Last December 14th, Japanese law enforcers arrested three men in Shibata City, Niigata Prefecture, including Yuzuru Yachida, 47, the CEO of M-Create Inc., an environmental installation company. The charges: violations of the foreign exchange law violations—specifically, exporting without a license. They are suspected of involvement in the illegal export of foodstuffs to North Korea.
Authorities carried out searches on the company as well as related properties, such as the Chamber of Commerce of Korean Residents in Japan (Taito Ward, Tokyo Prefecture), which falls under the umbrella of the General Association of Korean Residents in Japan.
In reply to the Sankei Shimbun Newspaper’s request for comment, M-Create Inc. said that “the supervisor is not in at the moment, so we cannot make any comment.” Authorities are increasingly convinced that the suspects, Yuzuru Yachida and company, began buying goods domestically in 2009, in response to a request from the North Koreans, and that the men were responsible for the “buyer network.”
Due to North Korean nuclear tests, the Japanese government has economic sanctions in place, including a complete ban on exports to North Korea. How then are Japanese products on the market?
According to police officials, a new version of the Dalian branch of North Korean company Daisho Trade, a company blacklisted by the Ministry of Economy, Trade and Industry as an export destination, is involved in the illegal exports. The cargo was transported from Dalian on the North Korean vessel Woo Lee Star 2.
North Korean operatives are known to operate fictional companies in the detour base, Singapore. In revealing links to M-Create Inc. and others, the incident illustrates the structure of “officially-sanctioned North Korean” illegal exports. Given that the investigation headquarters had also conducted a search on the parties involved, including M-Create Inc., last December, this appears to be developing into an unusual “long-term” investigation.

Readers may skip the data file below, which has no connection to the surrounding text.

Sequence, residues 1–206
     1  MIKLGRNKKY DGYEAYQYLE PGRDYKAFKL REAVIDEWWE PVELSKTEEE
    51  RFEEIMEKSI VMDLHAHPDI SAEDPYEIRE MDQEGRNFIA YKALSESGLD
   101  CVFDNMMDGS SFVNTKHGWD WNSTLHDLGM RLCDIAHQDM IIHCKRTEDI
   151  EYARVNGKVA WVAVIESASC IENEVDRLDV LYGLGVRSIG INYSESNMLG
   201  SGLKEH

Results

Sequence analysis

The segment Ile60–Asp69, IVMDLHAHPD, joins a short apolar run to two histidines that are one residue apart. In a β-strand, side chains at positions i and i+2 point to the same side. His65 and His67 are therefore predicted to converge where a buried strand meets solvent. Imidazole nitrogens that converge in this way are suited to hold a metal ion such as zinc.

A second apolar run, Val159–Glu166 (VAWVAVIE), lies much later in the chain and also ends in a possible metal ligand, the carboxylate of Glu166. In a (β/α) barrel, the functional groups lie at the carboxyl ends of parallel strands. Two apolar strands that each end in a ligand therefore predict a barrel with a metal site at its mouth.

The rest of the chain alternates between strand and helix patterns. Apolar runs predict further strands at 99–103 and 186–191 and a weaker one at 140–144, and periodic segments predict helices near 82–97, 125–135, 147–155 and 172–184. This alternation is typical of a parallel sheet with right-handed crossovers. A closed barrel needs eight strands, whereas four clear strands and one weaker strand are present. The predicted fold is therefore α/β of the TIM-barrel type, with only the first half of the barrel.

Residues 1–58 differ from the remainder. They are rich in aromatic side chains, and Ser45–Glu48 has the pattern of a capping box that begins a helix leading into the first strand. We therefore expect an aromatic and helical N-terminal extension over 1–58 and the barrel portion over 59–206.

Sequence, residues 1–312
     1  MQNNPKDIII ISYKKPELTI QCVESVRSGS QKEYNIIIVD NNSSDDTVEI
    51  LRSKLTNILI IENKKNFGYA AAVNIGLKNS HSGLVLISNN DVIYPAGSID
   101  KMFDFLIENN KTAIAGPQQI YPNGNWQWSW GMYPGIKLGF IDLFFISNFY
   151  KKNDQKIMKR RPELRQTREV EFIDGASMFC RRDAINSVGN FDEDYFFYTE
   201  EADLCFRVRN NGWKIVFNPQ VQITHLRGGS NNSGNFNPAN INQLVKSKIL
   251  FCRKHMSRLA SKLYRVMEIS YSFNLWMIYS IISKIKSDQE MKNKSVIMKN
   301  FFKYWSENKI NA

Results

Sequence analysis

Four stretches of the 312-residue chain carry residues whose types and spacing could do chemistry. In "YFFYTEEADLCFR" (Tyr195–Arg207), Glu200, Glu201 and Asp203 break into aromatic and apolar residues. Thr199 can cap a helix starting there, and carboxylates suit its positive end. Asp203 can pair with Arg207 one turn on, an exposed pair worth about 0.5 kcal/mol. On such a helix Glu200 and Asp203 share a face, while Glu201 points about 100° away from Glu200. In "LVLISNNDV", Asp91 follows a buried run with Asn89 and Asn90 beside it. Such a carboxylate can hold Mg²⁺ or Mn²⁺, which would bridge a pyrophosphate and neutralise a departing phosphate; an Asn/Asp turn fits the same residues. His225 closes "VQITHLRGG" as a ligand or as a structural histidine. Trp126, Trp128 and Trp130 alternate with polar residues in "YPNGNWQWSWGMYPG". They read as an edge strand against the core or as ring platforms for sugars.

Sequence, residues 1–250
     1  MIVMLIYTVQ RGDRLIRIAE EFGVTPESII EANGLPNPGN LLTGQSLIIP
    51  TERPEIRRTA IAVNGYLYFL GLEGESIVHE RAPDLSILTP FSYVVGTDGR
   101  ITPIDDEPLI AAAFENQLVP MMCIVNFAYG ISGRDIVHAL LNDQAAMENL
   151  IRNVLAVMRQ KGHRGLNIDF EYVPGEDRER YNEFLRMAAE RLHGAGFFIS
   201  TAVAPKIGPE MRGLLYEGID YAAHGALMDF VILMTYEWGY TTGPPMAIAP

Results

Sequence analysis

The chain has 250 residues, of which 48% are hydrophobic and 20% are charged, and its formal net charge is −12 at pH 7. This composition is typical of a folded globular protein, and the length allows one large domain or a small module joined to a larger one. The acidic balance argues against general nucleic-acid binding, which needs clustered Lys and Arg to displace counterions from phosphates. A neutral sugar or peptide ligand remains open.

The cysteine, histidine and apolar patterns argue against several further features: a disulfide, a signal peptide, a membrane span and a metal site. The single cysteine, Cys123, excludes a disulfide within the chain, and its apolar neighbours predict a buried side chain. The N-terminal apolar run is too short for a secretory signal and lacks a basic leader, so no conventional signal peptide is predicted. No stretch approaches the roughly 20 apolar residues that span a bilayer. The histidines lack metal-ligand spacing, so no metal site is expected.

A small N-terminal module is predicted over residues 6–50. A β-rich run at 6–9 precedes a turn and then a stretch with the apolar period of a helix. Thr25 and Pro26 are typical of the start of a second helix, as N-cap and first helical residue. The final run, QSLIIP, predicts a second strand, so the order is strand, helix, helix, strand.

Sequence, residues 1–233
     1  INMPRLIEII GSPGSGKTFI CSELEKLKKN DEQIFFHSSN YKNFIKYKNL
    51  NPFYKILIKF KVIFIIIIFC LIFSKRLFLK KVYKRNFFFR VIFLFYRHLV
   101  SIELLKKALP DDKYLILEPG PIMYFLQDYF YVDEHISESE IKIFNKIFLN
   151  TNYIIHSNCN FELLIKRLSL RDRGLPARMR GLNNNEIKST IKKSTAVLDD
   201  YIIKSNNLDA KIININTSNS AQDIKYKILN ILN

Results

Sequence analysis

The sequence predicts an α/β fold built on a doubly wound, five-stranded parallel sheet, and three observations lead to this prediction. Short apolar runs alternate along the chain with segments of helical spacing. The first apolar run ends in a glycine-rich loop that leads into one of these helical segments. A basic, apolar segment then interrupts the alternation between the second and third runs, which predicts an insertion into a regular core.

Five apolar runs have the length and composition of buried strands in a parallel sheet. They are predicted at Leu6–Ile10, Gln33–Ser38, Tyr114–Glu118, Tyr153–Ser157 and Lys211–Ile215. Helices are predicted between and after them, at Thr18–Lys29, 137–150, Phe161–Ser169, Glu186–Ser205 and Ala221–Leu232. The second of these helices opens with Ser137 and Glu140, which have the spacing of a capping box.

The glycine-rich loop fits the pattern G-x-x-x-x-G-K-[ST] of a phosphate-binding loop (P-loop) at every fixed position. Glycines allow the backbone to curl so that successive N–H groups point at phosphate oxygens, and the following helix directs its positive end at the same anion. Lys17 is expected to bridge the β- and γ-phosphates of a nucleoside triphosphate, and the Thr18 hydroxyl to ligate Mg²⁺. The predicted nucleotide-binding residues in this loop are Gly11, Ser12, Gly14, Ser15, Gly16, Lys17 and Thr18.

The goods exported in this latest may be are just daily-living essentials, as opposed to “strategic materials” able to be utilized in nuclear or missile development. However, Japan has implemented strict sanctions through the United Nations, and has completely prohibited all exports to North Korea, due to the latter’s continued nuclear and missile development and the increasing threat. Yet Japan remains as the procurement base, and the international community might doubt the seriousness of Japan’s commitment to implementing these sanctions— especially since the illegal exports to Pyongyang have apparently been going on for years.
On June 30th, 2014, the same suspects sent by sea 1,528 boxes of foodstuffs and other items, with a declared value of JPY7.16 million, from Yokohama to Singapore, with the intention of exporting the items to North Korea. Having left Singapore, the goods were thought to have been delivered to North Korea via Dalian (China).
A former United Nations official, who resided in Pyongyang, told the Sankei Shimbun Newspaper, “The array of Japanese products lining the shelves rivals that of a Japanese supermarket or department store.”
The high-end stores are stocked with good quality, luxury consumer electronics products and cosmetics, underwear, and even confectionery and soft drinks at relatively reasonable prices. The items have proven to be popular among North Korea’s elite.
North Korean leader Kim Jong-un, with his vision of “parallel economic and nuclear development,” can win public favor by presenting the capital as home to a “luxurious consumer culture.” That could also shift the policy focus away from the United States and Japan’s demand for a stop to its nuclear and missile development. As far as the Kim administration is concerned, luxury items, which are also seen as imperial gifts or rewards for loyalty, are essential to ensuring that the presence of the administration is felt.
Even now, high-quality Japanese products are thought to be making the rounds in North Korea. In order to plug the economic sanction loopholes the Japanese government must undertake the role of mobilizer. It must use every possible method, including a fundamental reform of apprehending methods, to destroy the numerous “buyer networks” that are still in operation.
Tatsuya Kato is the former Seoul bureau chief of the Sankei Shimbun. He is now senior staff writer at the Tokyo headquarters.